Pilot killed in US military jet crash in California identified: officials

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Saturday, August 26, 2023
Pilot killed in US military jet crash identified: officials
On Saturday, the U.S. Marine Corps identified the marine who died in an F/A18D hornet crash during a training exercise.

SAN DIEGO, Calif. -- The pilot killed in a US Marine Corps F/A-18 Hornet fighter crash Thursday night in Southern California has been identified.

The pilot, identified as Maj. Andrew Mettler, was confirmed dead Friday after the crash of a combat jet near a San Diego base, officials said.

The F/A-18D Hornet went down at 11:54 p.m. Thursday near Marine Corps Air Station Miramar and searchers recovered the pilot at the site, the 2nd Marine Aircraft Wing said in a statement from its headquarters in Cherry Point, North Carolina.

Mettler, part of Marine All-Weather Fighter Attack Squadron 224, was the only person aboard the jet. The squadron is based at MCAS Beaufort, South Carolina.

Mettler, who was from Georgia, joined the Marine Corps in November of 2007.

"I am deeply saddened to share the loss of Maj. Andrew 'Simple Jack' Mettler, a fellow Marine aviator who was honing his craft as a Hornet pilot and leader in his squadron, the Fighting Bengals. I had the great honor of flying in a F/A-18D with Simple Jack and will always remember his skill piloting the Hornet and his wry smile," 2nd Marine Aircraft Wing Commanding General Maj. Gen. Scott Benedict said in a release. "As 2nd Marine Aircraft Wing, we mourn the loss of one of our brothers who was devoted to the Marine Corps mission, and it is our duty to continue forward in a manner that would reflect his devotion. Maj. Mettler's legacy will remain with every Marine, Sailor, and civilian that he served with, and we have the obligation to continue to uphold the values that he stood for."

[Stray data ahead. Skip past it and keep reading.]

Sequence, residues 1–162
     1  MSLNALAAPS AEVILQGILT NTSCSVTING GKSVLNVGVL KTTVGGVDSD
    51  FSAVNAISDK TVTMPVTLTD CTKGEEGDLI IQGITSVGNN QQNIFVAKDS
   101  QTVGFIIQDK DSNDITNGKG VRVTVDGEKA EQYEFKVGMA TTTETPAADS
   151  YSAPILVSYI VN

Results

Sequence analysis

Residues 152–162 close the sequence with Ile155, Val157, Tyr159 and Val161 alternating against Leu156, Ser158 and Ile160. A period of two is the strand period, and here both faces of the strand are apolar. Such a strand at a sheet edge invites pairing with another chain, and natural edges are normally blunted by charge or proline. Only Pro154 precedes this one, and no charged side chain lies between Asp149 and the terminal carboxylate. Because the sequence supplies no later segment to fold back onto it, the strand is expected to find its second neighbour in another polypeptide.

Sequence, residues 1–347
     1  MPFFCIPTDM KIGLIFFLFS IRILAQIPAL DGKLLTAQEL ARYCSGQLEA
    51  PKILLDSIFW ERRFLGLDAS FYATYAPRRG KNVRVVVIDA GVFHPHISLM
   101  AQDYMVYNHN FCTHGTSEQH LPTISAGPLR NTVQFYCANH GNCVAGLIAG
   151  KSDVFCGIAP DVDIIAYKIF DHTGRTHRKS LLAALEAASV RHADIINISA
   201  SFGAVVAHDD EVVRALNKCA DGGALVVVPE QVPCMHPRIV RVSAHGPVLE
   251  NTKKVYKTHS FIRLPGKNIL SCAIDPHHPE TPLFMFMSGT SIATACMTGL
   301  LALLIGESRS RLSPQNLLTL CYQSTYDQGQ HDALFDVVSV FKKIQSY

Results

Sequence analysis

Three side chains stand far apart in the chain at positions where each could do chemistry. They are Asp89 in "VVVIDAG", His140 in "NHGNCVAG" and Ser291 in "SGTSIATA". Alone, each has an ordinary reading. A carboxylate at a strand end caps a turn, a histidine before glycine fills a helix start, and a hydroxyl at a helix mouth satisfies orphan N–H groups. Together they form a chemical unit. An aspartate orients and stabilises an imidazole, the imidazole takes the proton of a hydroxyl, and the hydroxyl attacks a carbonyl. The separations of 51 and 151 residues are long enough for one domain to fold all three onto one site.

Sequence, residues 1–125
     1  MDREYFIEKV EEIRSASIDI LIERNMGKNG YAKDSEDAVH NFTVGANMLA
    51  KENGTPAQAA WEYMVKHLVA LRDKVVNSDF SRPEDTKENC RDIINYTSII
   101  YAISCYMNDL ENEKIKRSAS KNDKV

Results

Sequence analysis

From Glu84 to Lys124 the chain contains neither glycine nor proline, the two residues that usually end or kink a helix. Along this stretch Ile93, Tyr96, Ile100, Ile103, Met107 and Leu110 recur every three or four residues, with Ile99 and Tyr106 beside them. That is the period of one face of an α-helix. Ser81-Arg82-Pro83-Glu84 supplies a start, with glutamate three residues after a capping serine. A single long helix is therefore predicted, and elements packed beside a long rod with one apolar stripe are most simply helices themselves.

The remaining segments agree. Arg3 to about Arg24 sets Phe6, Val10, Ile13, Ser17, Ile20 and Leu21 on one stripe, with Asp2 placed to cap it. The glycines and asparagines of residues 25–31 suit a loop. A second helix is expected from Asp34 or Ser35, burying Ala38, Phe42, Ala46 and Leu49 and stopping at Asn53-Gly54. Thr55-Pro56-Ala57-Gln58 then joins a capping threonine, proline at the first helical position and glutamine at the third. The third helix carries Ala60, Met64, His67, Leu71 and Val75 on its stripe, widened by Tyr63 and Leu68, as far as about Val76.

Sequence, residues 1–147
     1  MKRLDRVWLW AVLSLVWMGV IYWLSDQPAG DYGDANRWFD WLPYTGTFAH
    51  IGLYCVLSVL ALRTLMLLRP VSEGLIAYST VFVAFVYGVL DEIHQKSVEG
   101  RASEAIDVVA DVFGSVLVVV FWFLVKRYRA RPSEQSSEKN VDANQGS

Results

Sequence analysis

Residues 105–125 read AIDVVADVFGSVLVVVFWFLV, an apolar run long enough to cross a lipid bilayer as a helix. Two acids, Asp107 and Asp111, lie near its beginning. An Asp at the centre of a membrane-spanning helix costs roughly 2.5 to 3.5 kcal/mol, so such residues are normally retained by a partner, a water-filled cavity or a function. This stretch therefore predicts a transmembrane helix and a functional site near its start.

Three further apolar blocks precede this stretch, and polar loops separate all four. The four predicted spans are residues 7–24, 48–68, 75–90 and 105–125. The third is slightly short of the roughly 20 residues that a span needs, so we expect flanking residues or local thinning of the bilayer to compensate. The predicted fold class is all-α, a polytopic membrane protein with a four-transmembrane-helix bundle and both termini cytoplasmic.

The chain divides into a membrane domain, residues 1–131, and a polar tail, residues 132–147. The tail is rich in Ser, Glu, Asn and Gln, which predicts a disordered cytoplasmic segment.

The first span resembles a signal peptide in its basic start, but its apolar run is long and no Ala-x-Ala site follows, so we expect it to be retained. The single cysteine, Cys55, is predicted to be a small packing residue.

A Miramar statement said earlier that the aircraft was not part of its resident air wing but was operating from the air station.

The crash site was described as government property east of the air station. The site about 10 miles (16 kilometers) north of downtown San Diego is an area of largely vacant land.

The video in the player above is from a previous report.

The Associated Press contributed to this report.